To Test or Not to Test: The PSA and You
2/05/2016, Dr. Sean Cavanaugh
Editor’s Note: Dr. Sean Cavanaugh is Director of the Genitourinary Center for Advanced Oncology at the Atlanta-area location of Cancer Treatment Centers of America®. The opinions are those of the author and they appear in our newsletter as an educational resource for readers.
For men seeking clarity on whether to undergo routine prostate cancer screening, two recent studies in the Journal of the American Medical Association (JAMA) may raise new questions. Since 2012, there has been a drop in the routine use of the blood test known as the PSA, short for prostate-specific antigen, according to the studies published on Nov. 17, 2015. Meanwhile, fewer prostate cancers are being diagnosed. The changes come after the U.S. Preventive Services Task Force gave the PSA test its lowest grade, arguing that its use contributed to over-treatment in men without a family history or elevated prostate cancer risk.
I remind men that the routine testing recommendations haven’t changed for people at higher risk. That includes African American men, who are 60 percent more likely to get prostate cancer and 2.5 times more likely to die of the disease than white men. It’s important to make sure that African American men are routinely getting screened. However, there is more to the story.
Three key groups, The American Cancer Society (ACS), the National Comprehensive Cancer Network (NCCN) and the American Urological Association, have urged family physicians to discuss the value and risks of routine testing with all male patients, taking into consideration their unique medical history. I agree. Our advice to the community is no change for anyone at elevated risk. In fact, for those patients at normal or low risk should have a discussion with their primary care doctor about what level of PSA screening is appropriate for them.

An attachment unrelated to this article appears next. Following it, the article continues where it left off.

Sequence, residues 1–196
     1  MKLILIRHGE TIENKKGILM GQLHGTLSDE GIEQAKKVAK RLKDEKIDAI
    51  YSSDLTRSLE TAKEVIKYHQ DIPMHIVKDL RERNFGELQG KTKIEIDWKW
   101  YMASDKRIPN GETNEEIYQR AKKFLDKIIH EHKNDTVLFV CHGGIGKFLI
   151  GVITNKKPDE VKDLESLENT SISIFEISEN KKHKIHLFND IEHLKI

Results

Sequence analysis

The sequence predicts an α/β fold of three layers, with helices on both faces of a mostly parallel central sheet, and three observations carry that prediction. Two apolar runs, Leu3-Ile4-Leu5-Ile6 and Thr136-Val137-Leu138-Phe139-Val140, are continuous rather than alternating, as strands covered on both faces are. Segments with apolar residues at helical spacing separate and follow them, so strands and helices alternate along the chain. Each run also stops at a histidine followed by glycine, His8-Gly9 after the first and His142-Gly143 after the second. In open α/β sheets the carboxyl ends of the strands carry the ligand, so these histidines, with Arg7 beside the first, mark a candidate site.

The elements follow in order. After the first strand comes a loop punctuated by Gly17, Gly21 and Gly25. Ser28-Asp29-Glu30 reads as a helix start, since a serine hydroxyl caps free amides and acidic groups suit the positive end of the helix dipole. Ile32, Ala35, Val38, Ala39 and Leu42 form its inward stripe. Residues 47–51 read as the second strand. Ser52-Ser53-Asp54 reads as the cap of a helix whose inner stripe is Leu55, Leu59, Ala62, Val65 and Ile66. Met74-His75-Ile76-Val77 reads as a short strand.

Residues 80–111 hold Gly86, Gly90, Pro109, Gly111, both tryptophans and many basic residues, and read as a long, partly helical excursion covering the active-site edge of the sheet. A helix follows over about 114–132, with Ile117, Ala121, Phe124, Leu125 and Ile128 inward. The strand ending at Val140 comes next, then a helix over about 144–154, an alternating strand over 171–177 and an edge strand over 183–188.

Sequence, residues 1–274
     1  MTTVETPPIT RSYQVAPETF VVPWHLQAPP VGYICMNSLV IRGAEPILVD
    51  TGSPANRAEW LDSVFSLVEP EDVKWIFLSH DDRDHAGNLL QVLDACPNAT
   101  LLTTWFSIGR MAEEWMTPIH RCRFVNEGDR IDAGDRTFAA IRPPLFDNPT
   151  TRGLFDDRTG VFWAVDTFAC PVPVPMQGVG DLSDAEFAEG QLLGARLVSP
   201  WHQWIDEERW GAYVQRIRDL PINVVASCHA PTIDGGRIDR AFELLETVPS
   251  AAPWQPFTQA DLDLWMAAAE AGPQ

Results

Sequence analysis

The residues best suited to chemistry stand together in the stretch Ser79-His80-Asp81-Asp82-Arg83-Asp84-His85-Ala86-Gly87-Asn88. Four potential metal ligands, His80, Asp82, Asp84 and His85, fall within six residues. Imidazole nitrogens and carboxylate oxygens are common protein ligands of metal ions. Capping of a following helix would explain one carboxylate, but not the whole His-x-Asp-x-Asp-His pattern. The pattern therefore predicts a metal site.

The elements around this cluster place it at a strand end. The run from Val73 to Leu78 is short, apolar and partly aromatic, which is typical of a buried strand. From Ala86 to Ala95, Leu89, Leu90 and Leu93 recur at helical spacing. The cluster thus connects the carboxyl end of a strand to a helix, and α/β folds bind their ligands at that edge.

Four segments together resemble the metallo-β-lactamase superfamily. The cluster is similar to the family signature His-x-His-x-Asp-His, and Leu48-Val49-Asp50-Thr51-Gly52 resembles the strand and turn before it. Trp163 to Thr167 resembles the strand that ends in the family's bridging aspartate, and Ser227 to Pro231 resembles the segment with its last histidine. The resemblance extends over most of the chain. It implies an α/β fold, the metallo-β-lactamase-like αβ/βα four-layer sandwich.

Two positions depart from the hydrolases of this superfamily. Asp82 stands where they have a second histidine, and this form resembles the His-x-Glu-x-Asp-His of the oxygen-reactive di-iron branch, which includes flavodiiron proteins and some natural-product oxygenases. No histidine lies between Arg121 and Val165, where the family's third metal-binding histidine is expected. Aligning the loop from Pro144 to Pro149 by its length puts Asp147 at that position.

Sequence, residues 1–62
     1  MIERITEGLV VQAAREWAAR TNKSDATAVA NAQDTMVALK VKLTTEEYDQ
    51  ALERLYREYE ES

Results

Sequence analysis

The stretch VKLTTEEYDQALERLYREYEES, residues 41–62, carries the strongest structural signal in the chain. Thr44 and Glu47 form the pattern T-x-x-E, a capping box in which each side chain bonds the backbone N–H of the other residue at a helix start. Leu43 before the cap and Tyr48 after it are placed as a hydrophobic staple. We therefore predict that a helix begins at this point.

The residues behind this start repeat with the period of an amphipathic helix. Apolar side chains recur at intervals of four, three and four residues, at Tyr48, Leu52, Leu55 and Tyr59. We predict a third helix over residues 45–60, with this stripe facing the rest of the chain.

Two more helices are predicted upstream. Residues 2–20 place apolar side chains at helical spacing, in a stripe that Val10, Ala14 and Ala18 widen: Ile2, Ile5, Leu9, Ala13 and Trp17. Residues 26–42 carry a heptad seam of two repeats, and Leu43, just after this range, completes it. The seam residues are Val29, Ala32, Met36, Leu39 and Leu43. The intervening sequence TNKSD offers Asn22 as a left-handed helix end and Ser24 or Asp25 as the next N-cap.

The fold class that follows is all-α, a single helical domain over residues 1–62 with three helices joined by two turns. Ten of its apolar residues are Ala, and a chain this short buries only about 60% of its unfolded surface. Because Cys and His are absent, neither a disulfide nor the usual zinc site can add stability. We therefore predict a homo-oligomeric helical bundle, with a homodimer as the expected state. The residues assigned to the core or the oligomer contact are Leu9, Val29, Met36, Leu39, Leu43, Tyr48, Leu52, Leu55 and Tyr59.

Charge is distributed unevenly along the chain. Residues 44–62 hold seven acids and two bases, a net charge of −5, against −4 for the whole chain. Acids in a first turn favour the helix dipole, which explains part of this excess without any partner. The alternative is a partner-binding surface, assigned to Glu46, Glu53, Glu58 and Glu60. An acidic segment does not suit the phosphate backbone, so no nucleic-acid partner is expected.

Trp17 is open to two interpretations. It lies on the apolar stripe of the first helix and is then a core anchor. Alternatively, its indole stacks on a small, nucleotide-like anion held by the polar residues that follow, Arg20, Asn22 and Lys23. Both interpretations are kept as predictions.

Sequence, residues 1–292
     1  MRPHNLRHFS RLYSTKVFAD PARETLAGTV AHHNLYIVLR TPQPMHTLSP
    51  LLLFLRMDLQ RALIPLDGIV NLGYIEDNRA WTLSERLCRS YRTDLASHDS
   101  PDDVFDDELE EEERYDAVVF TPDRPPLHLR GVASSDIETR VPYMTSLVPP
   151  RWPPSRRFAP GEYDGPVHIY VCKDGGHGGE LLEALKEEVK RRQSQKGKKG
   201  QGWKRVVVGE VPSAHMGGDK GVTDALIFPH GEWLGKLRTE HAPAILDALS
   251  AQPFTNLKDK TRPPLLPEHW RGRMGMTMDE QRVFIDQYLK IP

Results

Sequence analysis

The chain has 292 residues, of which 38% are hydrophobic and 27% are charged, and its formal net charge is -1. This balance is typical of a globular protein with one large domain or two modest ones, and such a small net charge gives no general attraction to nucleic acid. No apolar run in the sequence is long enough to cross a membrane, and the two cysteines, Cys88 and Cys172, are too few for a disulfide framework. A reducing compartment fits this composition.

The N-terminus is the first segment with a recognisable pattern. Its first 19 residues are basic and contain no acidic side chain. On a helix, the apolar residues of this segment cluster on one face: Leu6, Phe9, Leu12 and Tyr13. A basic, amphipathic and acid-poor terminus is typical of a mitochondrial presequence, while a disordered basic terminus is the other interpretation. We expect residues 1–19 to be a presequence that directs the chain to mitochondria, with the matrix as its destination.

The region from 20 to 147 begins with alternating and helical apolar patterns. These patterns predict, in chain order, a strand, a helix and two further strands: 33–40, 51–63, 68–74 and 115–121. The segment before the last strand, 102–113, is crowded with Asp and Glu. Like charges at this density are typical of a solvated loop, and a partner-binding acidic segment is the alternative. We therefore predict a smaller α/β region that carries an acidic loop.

Although cancer of the prostate gland is common, striking 1 in 6 men in their lifetime, the majority of tumors grow slowly and cause no symptoms. Simply waiting for symptoms to develop isn’t an optimal approach for early detection, doctors say. Difficulty urinating, painful ejaculation or blood in semen may not appear until the cancer has progressed into the later stages. That’s why oncologists value the PSA test. When considered along with medical history and a biopsy if warranted, the screens can identify a tumor and its likely course early, when it’s easier to treat.
“In the old days, the first symptom would be bone pain for probably the majority of men,” explains Dr. Christian Hyde, Radiation Oncologist at our Georgia hospital. “If prostate cancer spreads, it will often spread to the bones. And this can show up as a dull, aching pain that is often worse toward the end of the day and is relieved by rest. It requires aggressive treatment, often in the form of chemotherapy and hormone therapy and radiation.”
One of the JAMA reports, led by Ahmedin Jemal of ACS in Atlanta, found prostate screening rates fell 18 percent from 2010 to 2013 among men 50 and older. The number of diagnoses fell, too. In 2012, 180,043 men were diagnosed with prostate cancer—16 percent fewer than the year before. The other JAMA report, led by Dr. Jesse D. Sammon, found that prostate cancer screenings fell most sharply in men under 75, especially in those between 60 and 64.
A separate study, by Matthew David Hall and colleagues, found that the proportion of men diagnosed with intermediate- and high-risk prostate cancers grew by 3 percent each year between 2011 and 2013. That means about 14,000 additional men out of 233,000 newly diagnosed heard their cancer was more advanced.
Catching aggressive prostate cancer early can improve the chances of beating it. The five-year survival rate for localized and regional prostate cancer is nearly 100 percent, for example, but that rate falls to 28 percent once the cancer has spread to the bones and lymph nodes. Scientists are watching to see whether the task force’s recommendation against routine testing could eventually affect survival rates.
What is the takeaway for men who have concerns? Individualized health care is good health care. This is something to talk about. If you have a good physician and a good health care team, then you can be confident that the decision you reach is the right one for you.
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